That's a lot. That's a lot to read about jeans. You probably weren't expecting to read a jeans manifesto today that also invokes God. So these jeans... these jeans really better deliver. There's a lot on the line here, before God and his wife and daughters. "God forbid a designer makes anything cool that would fit her," Beck warns. Will Glenn Beck defy God himself?
The 1791 lineup of jeans designed for and accessible by the American everywoman starts at $150, and only goes up to a size 34 waist. Beck lamented that "Most American women are shaped like Norma Jean not the 12 year old boy shaped models covering the walls of the 'cool stores,'" and yet here are the bodies he's using to display his wares:
These are clothes that most Americans can't afford in sizes many Americans won't be able to fit into. The idea of marketing clothes for the hot "I'm afraid of everything that doesn't look like me" demo is a shrewd one in terms of absolute big-Dixie-balls-to-the-wall capitalism—the right loves to vote with its wallets. But instead it's the same bullshit brand-talk that's been a liberal bulwark for a long time now:
We are about a lifestyle and we cling to a simple philosophy, that life is better when the stuff around us, and the people in our lives, are real, and when they are simple. We at 1791 are dreamers, dreamers that are just silly enough to believe that we are all capable of becoming the people we were born to be. And we believe that 1791 can help us get there by reminding us of what is real. All of our clothes are of the highest quality and are made in the USA. We insist on holding ourselves to this most high standard because our clothes are made to be used, to be worked in, and to last. Because life is not disposable and our lives are meant to be full, full of hard work, full of love, laughter, and sometimes even sorrow.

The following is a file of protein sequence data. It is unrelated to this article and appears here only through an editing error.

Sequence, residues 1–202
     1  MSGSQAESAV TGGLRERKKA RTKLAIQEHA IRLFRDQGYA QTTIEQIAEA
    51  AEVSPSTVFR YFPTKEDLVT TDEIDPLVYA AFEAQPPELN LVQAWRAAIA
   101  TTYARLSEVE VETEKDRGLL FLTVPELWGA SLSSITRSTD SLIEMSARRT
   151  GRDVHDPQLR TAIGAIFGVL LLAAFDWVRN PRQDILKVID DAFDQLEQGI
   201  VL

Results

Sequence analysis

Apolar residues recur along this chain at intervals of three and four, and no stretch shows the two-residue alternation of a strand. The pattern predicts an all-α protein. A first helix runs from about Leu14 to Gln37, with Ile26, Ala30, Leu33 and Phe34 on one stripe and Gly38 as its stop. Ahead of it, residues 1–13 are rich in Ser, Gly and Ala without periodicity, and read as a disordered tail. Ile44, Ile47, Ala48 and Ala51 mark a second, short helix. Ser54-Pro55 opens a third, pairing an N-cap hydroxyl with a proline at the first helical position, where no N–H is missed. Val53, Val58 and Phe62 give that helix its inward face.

1791 now can go beyond providing you with clothes; it can provide you with the tools to lead a full life. From the football you throw to your son on a Saturday, to the wool blanket you wrap around your wife, sitting next to her by the fire, whether it is on the couch on a cold winter night or under the stars in the mountains. We are striving to provide you with the highest quality goods for all aspects of your life. Because it is the well-worn axe lying next to your woodpile, your kitchen table marked with water rings, and your most loved jeans that show the adventures that tell the story of your life.
Glenn Beck will sell you organic beard oil for $12:
Glenn Beck will sell you a silver coin commemorating the extinct American factory worker who lost his job because of free trade and anti-union policies enacted by politicians elected by Glenn Beck fans for $150:
For $180 you can buy a single basketball and remind yourself of what once made America great:
Life is better when the stuff around us, and the people in our lives, are real, and when they are simple, says Glenn Beck's branding consultant, which is why you should buy this $895 framed morse code diagram (PLEASE note shipping is $5 extra):
This all looks like things from a Brooklyn boutique, not Heartlandcore. It's enough to make you think Glenn Beck is really full of it!